The student of astronomy is often deterred from telescopic observation by the thought that in a field wherein so many have laboured, with abilities and means perhaps far surpassing those he may possess, he is little likely to reap results of any utility. He argues that, since the planets, stars, and nebulæ have been scanned by Herschel and Rosse, with their gigantic mirrors, and at Pulkova and Greenwich with refractors whose construction has taxed to the utmost the ingenuity of the optician and mechanic, it must be utterly useless for an unpractised observer to direct a telescope of moderate power to the examination of these objects.

Now, passing over the consideration that a small telescope may afford its possessor much pleasure of an intellectual and elevated character, even if he is never able by its means to effect original discoveries, two arguments may be urged in favour of independent telescopic observation. In the first place, the student who wishes to appreciate the facts and theories of astronomy should familiarize himself with the nature of that instrument to which astronomers have been most largely indebted. In the second place, some of the most important discoveries in astronomy have been effected by means of telescopes of moderate power used skilfully and systematically. One instance may suffice to show what can be done in this way. The well-known telescopist Goldschmidt (who commenced astronomical observation at the age of forty-eight, in 1850) added fourteen asteroids to the solar system, not to speak of important discoveries of nebulæ and variable stars, by means of a telescope only five feet in focal length, mounted on a movable tripod stand.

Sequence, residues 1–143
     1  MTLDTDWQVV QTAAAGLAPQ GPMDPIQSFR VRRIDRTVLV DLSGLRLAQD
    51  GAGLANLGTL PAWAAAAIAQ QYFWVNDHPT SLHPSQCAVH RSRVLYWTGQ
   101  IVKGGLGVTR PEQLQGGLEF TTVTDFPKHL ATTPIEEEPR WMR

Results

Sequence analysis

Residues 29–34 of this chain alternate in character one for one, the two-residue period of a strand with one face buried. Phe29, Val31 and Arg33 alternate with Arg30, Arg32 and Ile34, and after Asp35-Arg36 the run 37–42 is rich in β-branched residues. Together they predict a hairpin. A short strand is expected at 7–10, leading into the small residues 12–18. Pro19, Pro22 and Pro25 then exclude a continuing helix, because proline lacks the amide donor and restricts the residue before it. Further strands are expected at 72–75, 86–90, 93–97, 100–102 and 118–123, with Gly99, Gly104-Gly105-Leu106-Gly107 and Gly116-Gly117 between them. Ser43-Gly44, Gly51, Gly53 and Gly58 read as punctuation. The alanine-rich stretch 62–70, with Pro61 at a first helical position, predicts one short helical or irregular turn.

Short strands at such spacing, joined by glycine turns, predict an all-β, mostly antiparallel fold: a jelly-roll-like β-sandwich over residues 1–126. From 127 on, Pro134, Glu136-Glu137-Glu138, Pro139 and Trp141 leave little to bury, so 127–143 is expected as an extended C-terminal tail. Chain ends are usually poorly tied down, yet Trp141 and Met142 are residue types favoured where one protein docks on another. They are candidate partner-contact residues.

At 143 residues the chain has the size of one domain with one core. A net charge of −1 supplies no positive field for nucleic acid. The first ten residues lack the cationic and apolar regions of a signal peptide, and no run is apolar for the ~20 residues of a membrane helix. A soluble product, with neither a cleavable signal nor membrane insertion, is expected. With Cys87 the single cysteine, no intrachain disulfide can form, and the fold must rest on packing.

The feeling experienced by those who look through a telescope for the first time,—especially if it is directed upon a planet or nebula—is commonly one of disappointment. They have been told that such and such powers will exhibit Jupiter's belts, Saturn's rings, and the continent-outlines on Mars; yet, though perhaps a higher power is applied, they fail to detect these appearances, and can hardly believe that they are perfectly distinct to the practised eye.